Netanyahu’s far-right ministers are staunch ideologues with strong constituencies, including many Messianic Jews who believe that peace in Israel can only be achieved through total war.
Zvika Fogel, a lawmaker from Ben Gvir’s Jewish Power party, told Army Radio that even if Ben Gvir’s visit resulted in Hamas rocket fire killing Israelis, “then, yes, it would be worth it, because it would be the last war.” there, and afterwards we can sit back and raise pigeons and all the other beautiful birds there are.”
At an emergency meeting of the United Nations on January 5, the American representative Robert A. Wood said that the United States was “concerned about any unilateral actions that increase tensions or undermine the viability of a two-state solution.”
The United States has vetoed more than 50 United Nations resolutions against Israel over the years — blocking tribunals, sanctions and boycotts over its occupation of Palestinian territory in the West Bank and its wars in Gaza — arguing that Israel’s strong justice system is able to keep its military. accountable.
But in the past week, Netanyahu’s government has rapidly advanced a judicial overhaul aimed at weakening the Supreme Court, which could allow the prime minister and his allies to pick off the judges presiding over his corruption trial. hand. The ploy, legal experts warn, could save Netanyahu in the short term, but ultimately harm Israel by undermining the ability of the United States to protect it in the international world.
“The Supreme Court and the judicial system are our legal iron dome against the world,” Benny Gantz, Israel’s former defense minister, said in a statement, referring to Israel’s US-funded counterinsurgency system. on TV last week.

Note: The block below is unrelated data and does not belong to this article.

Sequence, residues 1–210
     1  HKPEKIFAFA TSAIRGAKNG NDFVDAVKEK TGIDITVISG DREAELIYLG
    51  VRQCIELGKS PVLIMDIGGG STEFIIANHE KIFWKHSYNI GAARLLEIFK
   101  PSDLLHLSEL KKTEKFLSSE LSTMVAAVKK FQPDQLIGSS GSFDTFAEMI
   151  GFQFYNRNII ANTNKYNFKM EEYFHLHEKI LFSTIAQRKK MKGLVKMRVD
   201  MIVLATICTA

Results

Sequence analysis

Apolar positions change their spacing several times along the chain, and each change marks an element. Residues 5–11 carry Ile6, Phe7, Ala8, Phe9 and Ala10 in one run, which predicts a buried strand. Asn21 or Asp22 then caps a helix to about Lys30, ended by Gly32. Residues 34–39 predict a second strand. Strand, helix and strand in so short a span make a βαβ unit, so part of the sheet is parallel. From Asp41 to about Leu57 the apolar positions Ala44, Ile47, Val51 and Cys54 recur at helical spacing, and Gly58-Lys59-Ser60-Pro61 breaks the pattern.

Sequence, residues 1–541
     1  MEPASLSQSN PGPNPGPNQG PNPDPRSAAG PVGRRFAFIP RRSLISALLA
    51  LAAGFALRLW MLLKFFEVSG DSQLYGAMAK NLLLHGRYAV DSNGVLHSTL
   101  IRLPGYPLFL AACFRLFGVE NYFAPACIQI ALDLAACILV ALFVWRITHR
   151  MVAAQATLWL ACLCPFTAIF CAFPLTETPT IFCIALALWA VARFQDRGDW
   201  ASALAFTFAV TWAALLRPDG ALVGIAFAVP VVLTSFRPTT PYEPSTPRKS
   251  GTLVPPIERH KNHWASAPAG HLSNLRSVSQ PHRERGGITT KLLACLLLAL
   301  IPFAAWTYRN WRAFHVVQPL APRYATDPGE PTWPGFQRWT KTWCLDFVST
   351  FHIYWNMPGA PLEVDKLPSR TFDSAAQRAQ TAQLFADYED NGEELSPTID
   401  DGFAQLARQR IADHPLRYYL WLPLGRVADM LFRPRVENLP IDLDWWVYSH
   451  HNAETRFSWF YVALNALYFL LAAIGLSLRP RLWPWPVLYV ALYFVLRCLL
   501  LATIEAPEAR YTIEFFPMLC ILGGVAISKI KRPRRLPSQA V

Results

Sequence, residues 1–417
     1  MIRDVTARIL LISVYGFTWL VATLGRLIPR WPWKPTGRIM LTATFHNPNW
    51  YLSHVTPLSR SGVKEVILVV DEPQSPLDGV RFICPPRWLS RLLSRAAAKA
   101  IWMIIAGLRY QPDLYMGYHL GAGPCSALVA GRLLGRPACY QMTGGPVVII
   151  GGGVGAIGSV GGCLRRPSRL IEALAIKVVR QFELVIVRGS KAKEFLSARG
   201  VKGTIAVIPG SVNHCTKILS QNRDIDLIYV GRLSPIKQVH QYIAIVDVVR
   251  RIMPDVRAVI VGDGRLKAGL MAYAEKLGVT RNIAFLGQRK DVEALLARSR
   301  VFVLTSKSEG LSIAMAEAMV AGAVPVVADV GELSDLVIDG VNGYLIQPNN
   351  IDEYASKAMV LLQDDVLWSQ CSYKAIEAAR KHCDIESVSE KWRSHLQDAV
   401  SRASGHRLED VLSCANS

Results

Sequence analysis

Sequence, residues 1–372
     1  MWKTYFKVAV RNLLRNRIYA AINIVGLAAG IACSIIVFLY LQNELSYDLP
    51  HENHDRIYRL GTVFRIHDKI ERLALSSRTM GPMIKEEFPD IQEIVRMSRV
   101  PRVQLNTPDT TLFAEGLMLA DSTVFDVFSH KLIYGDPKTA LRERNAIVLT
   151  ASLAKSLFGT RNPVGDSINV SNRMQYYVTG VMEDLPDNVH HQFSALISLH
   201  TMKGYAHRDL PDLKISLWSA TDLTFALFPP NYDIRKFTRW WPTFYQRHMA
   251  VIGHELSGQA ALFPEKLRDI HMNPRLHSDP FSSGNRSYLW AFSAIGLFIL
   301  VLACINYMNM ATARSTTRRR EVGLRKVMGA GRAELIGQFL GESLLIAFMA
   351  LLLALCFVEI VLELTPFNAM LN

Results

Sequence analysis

That defense mechanism is crucial, he said, at a time when international criticism of Israel is urgently needed. On Monday, more than 90 member states of the United Nations expressed “deep concern” about Israeli sanctions against the Palestinian Authority – including scaling back construction and withholding tens of thousands of dollars in tax revenue – after the PA sought support from the International Court of Justice in The Hague.
Israel’s far-right rise puts the focus back on the West Bank’s livelihood
The prospect of a breach in the American diplomatic shield also comes at the same time as a surge in settler activity, fueled by government promises to authorize dozens of illegal outposts and allocate $2 billion to build roads and infrastructure on land the Palestinians hope with them to upgrade as part of their future situation.
“We should, as a policy, send our people to [all of the West Bank]. This is the land of Israel,” Ben Gvir said last year.
That could complicate US aid to Israel — including $3.8 billion in annual security assistance — which is central to Netanyahu’s broader agenda of curbing Iran’s nuclear program and normalizing relations with Saudi Arabia. . Israel and Riyadh have cooperated covertly to destabilize Iran in recent years, but formal ties would “expand the circle of peace beyond our wildest dreams,” Netanyahu told the Washington Examiner last month.
Nides, the US ambassador, said the United States is working to remind Netanyahu that changes to the status quo at Jerusalem’s holy sites and government support for West Bank settlements undermine his regional ambitions. Washington remains committed to keeping the “vision” of the two-state solution alive, Nides said, but acknowledged that there is a lack of political will and that the conflict between Israel and Palestine is growing.
“We will push back when we need to push back,” he said.
Chuck Freilich, Israel’s former deputy national security adviser, said Israel’s new government has eroded the shared values that diplomats had already fought for, and that could damage the “unbreakable bond” without recognition .
“The results will not be good for anyone,” he said.
Hazem Balousha in Gaza City contributed to this report.